Empty homes tax: Wakefield landlords to be given more time before paying premium

Landlords who snap up empty properties in Wakefield are set to be given more time before they have to pay additional council tax charges.

The council introduced the empty homes premium eight years ago.
The council introduced the empty homes premium eight years ago.

The empty homes premium was first introduced by Wakefield Council in 2013, to discourage property owners from sitting on unused homes.

The premium is applied if a home has been empty for two years or more and is added to household council tax bills. The charge doubles after five years and trebles after 10 years.

But now the council is set to tweak the system, amid concerns it is putting off buyers who'd want to renovate properties that have fallen into disrepair.

The issue will be discussed by the council's Cabinet next week.

Under proposed changes to be discussed by senior councillors next week, landlords who buy empty homes already subject to the premium could get a three-month grace period from paying the extra tax.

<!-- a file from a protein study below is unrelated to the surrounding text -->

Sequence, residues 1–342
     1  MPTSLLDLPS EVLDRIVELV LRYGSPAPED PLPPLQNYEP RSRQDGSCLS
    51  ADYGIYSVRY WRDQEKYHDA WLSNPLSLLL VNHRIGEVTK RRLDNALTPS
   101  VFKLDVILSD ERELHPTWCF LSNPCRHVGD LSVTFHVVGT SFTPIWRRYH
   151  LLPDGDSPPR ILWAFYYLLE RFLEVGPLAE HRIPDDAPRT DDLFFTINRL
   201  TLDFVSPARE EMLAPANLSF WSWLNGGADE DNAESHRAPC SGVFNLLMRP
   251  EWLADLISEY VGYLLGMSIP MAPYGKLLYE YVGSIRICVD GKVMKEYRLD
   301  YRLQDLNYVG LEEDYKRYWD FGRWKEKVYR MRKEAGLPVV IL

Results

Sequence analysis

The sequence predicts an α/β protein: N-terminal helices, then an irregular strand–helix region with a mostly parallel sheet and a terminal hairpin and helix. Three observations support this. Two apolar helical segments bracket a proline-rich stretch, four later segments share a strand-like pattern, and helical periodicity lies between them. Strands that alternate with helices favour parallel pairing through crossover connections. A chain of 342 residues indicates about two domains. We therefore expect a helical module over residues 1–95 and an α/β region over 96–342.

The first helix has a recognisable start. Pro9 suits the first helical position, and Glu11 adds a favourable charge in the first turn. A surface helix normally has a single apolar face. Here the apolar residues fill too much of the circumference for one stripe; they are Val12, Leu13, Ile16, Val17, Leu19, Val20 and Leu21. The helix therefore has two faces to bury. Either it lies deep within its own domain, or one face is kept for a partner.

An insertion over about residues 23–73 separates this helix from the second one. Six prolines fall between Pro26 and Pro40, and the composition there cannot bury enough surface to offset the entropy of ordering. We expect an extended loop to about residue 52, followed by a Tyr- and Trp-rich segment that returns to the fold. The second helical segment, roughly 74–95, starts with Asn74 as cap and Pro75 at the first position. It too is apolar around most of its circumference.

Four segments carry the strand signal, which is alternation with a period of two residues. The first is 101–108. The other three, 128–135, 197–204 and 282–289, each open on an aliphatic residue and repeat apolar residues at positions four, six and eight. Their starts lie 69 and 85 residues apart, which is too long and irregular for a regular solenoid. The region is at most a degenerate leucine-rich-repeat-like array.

Those who intend to actually live in a property after they've renovated it would be entitled to go six months without paying the premium.

The council's Cabinet member for resources, Councillor Michelle Collins, said: "There’s a need to encourage people to bring empty homes back into use.

“But we don’t want to punish those who need to take a little longer to get it right before they can live in the property.”

Councillor Michelle Collins said the local authority didn't want to "punish" people intent on bringing homes back into use.

The local authority says the move will allow more time for property developers to make homes fit for use again.

It follows a complaint made against Wakefield Council from a property owner, who was forced to pay the empty homes premium within three months of him buying it, because the home itself had reached the two-year threshold.

He claimed the house itself was "uninhabitable" and that because he was trying to renovate he should be exempt from paying it.

But an Ombudsman rejected his complaint in May this year, saying the charges he was paying were "consistent" with the council's policy.

Local Democracy Reporting Service